Hey there, time traveller!
This article was published 9/9/2012 (1687 days ago), so information in it may no longer be current.
He's not exactly Pussy Riot, but Winnipeg human rights lawyer David Matas now shares the distinction of being silenced in Russia for speaking his mind.
"Fortunately for me, I'm not there and I'm not in jail," Matas said after learning the Russian Supreme Court last week upheld a ban on a report he penned. "I see it as the same phenomenon, though."
Social activists and performance artists Pussy Riot received lengthy jail sentences for hooliganism in speaking out against Russian ruler Vladimir Putin and the Orthodox Church that supports him.
Matas is in trouble with the court in Russia for publishing "extremist literature" about China harvesting the organs of political prisoners.
"All this stuff with Pussy Riot leads me to believe Russia is insensitive to freedom of speech," said Matas, who can still go to Russia as a tourist but not to present his work.
The globe-trotting lawyer had co-authored with former MP David Kilgour a report about Falun Gong practitioners in China being jailed for their spiritual beliefs and having their organs removed for transplant. It led to a book called Bloody Harvest. In 2008, the Pervomayskiy court in Krasnodar, Russia, banned the report.
The ban was based on a court-chosen expert opinion that the report "can create for the readers a negative image of China, its social and political system, representatives of authorities, medical workers, military, etc."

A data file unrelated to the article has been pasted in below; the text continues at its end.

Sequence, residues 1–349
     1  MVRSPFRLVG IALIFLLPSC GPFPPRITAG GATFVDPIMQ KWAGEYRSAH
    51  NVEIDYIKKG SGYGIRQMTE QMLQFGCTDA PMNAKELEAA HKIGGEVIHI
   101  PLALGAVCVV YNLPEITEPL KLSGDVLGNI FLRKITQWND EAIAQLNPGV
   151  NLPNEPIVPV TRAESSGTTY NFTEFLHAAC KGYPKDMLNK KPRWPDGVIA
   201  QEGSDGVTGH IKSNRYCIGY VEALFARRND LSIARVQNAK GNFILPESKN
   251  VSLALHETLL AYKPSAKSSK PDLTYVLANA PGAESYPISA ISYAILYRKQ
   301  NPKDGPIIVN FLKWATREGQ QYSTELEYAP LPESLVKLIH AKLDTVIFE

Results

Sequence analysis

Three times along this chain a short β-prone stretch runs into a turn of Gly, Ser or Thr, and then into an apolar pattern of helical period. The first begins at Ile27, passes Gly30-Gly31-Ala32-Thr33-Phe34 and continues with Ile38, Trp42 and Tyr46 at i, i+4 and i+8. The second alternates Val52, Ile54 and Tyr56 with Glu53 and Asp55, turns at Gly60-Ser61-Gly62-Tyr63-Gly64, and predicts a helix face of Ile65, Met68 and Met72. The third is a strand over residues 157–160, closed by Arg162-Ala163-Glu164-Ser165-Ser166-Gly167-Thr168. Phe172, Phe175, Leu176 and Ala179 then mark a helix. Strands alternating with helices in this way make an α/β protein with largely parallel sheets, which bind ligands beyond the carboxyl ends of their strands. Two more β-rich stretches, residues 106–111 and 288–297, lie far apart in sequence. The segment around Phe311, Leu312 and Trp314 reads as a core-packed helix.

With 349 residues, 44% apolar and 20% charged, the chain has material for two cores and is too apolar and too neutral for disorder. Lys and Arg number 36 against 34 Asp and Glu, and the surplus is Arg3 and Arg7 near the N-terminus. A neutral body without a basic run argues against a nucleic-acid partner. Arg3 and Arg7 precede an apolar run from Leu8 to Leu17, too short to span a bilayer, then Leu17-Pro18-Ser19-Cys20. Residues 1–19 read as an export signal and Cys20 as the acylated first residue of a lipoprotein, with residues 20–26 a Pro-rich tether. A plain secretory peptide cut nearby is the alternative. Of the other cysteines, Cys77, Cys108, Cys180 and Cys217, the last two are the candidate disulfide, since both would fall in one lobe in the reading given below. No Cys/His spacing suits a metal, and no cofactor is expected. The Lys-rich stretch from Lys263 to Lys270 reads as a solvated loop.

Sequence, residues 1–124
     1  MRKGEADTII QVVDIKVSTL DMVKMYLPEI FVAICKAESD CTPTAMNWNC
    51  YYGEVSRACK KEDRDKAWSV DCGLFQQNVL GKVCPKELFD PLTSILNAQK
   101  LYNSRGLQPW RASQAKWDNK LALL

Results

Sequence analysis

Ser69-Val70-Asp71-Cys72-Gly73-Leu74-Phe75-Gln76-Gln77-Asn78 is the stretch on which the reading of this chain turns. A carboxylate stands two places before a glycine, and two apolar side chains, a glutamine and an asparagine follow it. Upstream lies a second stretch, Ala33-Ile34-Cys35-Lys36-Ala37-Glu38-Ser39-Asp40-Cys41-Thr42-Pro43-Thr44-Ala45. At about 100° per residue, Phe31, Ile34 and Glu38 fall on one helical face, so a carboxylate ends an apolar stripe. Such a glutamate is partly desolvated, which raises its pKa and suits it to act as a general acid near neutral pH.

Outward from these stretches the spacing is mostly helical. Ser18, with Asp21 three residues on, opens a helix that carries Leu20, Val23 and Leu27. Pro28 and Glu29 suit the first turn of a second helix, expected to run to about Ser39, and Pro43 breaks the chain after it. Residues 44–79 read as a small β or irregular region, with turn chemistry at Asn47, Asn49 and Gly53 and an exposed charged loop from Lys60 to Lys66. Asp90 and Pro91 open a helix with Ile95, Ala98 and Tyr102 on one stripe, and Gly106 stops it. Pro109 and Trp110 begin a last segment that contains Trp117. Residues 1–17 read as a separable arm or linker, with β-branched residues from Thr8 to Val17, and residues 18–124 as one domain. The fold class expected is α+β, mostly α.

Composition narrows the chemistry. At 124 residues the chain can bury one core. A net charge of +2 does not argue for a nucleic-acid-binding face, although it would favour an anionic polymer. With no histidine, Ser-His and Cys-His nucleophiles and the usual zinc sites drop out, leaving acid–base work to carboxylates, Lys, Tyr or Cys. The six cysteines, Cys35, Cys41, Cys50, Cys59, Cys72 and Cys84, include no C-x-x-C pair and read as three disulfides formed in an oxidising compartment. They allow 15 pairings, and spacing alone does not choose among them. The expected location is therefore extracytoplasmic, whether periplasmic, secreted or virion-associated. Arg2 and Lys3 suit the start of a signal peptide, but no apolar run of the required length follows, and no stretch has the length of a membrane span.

It was appealed to the Supreme Court by Russian activists who worried the ban on extremist literature was being misused to silence opposition and could be used as a vehicle of oppression.
Matas didn't know about the ban on his work until he was informed by a Russian at a 2011 conference Matas spoke at in Kyiv, Ukraine.
"This whole proceeding is very bizarre in terms of result and process," he said. "I was never formally notified of it."
There was no chance to make submissions on the application of the law to the report they wrote, he said.
Banning a work as extremist literature without hearing from its author isn't fair, he said.
"This wouldn't have happened without government support," said Matas. China has a strong commercial relationship with Russia and silencing a critic of China works to Russia's political advantage, he said.
"I had some hope the Supreme Court would do something about it," said Matas.
"The reality is, when push comes to shove, what the (Russian) government wants is more important to the court than their own values."